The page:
As to the question of marketability; I have six friends who call me regularly to ask about my status who want to start training as soon as I become a CFI. Four of them (two couples) are delaying ordering two Cavalons until I become a CFI. They were all my practice students. There are many more who have made an oral commitment but are not as pushy. I have explained to all of them that I feel Michael Burton is a better instructor. Any one of them would more than pay my out of pocket expenses to become a CFI if I instructed them to private pilot.

I have not made an effort to market something I don’t have. Only time will tell if there is a market. I don’t see why it matters. I have learned a lot on this adventure and if I stopped today it would be time well spent.

I tell everyone I fly with the nature of my handicaps and the nature of experimental aircraft so they can make it a part of their personal risk assessment.

I have flown with 23 CFIs and I would not recommend some of them. I feel I can do better than many of them.

I do not take the crack in the frame tube as a sign The Predator is not safe. It was a different IA who found other cracks in the frame. None of them would have caused a catastrophic failure including this one. I don’t expect to be teaching in The Predator anyway because it is a one of a kind gyroplane and flies very differently that anything commercially available. I have given over 150 introductory lessons in The Predator without charge and it would be nice to get something to cover expenses. As a CFI with a LODA I could charge for introductory lessons in The Predator.

I have no intention of becoming a full time CFI. If there is too much work I will start a flight school and hire it done.

My mother drove and worked until she stroked out at 89. The last time I checked my blood pressure it was 120 over 80.
 
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Kolibri

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kolibri you really need to man up and take a few calculated risks,it sounds like from your posts that you really afraid to fly in a gyro or take any kind of risk without fear of death.
LOL, eddie, I continue to fly an RAF which was co-built and "maintained" by Coffin, so perhaps I'm one of the bravest gyro pilots on RWF. ;) And I flew ~80 hours in my first year with it.

_________
Thank you for the courteous reply, Vance.

None of the tubes we repaired have broken again.
At some point "repairs" morph into Band-Aids. How close do you want to flirt with that?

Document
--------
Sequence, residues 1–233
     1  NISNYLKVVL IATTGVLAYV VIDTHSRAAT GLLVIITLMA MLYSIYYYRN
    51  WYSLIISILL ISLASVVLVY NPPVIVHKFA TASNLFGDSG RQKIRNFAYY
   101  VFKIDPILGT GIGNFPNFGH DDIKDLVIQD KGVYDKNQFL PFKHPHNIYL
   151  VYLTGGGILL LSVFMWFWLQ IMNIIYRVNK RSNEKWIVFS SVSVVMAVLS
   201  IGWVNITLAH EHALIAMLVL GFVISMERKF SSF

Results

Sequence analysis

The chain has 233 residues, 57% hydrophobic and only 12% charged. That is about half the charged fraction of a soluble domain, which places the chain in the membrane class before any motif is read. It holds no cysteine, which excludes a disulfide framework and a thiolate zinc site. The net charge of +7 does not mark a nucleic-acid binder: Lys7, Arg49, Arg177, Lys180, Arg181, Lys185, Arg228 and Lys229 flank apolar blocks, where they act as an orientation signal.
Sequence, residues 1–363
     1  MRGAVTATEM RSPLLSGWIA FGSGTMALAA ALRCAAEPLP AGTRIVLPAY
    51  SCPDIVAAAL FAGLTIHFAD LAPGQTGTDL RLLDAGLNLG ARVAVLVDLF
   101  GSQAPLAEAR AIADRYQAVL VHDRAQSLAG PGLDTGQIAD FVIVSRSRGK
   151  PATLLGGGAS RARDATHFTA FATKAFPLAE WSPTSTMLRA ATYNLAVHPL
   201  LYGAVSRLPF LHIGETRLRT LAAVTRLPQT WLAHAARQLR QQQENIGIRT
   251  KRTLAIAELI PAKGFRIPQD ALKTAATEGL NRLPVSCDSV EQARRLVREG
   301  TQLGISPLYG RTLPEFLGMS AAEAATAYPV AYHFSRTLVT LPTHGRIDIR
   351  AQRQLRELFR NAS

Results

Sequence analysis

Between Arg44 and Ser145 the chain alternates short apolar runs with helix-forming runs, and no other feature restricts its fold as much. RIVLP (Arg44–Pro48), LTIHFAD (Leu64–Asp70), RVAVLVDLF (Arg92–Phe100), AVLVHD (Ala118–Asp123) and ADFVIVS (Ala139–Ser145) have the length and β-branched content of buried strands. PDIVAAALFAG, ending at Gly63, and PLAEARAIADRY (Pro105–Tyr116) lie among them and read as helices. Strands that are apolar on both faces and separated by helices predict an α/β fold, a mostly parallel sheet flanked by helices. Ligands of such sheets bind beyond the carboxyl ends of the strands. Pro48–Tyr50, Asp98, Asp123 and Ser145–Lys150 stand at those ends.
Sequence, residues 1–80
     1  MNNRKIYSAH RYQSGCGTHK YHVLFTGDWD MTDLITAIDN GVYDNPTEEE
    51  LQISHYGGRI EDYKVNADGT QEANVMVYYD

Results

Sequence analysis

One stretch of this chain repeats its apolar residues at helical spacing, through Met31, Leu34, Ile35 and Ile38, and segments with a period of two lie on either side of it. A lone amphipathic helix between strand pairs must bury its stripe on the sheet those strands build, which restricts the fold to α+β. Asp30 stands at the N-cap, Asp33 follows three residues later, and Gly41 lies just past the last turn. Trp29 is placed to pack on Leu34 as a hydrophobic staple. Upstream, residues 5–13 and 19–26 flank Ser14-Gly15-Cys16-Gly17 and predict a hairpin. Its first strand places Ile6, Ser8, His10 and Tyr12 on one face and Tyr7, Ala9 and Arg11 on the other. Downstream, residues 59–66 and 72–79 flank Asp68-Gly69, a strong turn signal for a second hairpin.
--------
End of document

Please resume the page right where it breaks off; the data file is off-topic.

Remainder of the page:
I have demonstrated my knowledge by maintaining The Predator in airworthy condition for more than 1,300 hours.
Yes, but quite a bit of good fortune has also been "demonstrated". For example, this most recent crack was:

the latest of several previously repaired
though not critical, serious enough to deny airworthiness
openable by hand (i.e., well-developed and poised to soon fully propagate in the air)
unnoticed by you (as were others)
found only during a condition inspection (vs. any of your own pre-flights) by an A&P who resisted being rushed
admittedly "not the first crack we found and it won’t be the last" as the "over 1,500 hours . . . and the thousands of cycles are catching up with her".

She already has time in excess of what the designer/ builder contemplated. After your 1,300+ hours of your vigorous flying, don't you think she's by now paid for herself in enjoyment? You may want to seriously consider retiring The Predator instead of playing catch-up to further cracking (which you may not personally discover before such causes real trouble).


Now the most pressing task is to repair the Predator so I can schedule the re-test.
The truly "pressing" thing about any of this is your determination to get it all Over With, for example your post of 19 August:

It was good the IA didn’t sign The Predator off because we found a crack in the frame on Monday. He felt we were rushing things to try to finish up on Friday.
http://www.rotaryforum.com/forum/showpost.php?p=613413&postcount=259
Three weeks later you're apparently (again) rushing to get her back in the air because you don't want to re-take the entire oral exam. While you seem to have some good assistance on the weld job for a competent repair, your rather breathless account of it all reminds me of "get-there-itis" where pilots rush through a pre-flight. (Had the head mechanic from Coastal Valley Aviation succumbed to your inspection tempo, he might not have discovered this non-obvious crack. Think about that.) Did it ever occur to you that everyone involved is rearranging their schedules to accommodate a repair on a crack that was present for the past 14 months?

From reading your thread, I'm getting an "Argh, I'm sooo close!" frustration from you. Wouldn't it be wise to Zen-out on this and really take your time, regardless of the oral exam expiration? With your daughter's wedding on Sunday, you seem to have enough on your plate as it is.

In my opinion, getting your CFI means so (too?) much to you that you are repetitively rushing matters. Stop. Relax. Re-center.